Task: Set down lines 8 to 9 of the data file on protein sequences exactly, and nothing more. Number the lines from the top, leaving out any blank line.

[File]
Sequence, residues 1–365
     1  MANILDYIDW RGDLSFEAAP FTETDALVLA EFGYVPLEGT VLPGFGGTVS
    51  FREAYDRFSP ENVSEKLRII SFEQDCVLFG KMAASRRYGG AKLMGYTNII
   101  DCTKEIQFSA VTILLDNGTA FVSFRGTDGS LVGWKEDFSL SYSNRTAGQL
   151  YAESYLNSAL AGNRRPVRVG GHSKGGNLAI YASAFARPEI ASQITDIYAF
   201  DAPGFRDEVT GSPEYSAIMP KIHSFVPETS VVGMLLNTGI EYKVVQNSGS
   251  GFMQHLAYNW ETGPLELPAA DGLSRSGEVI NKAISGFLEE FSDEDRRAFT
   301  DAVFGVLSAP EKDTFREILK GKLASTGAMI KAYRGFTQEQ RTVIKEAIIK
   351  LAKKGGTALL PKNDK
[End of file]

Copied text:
   301  DAVFGVLSAP EKDTFREILK GKLASTGAMI KAYRGFTQEQ RTVIKEAIIK
   351  LAKKGGTALL PKNDK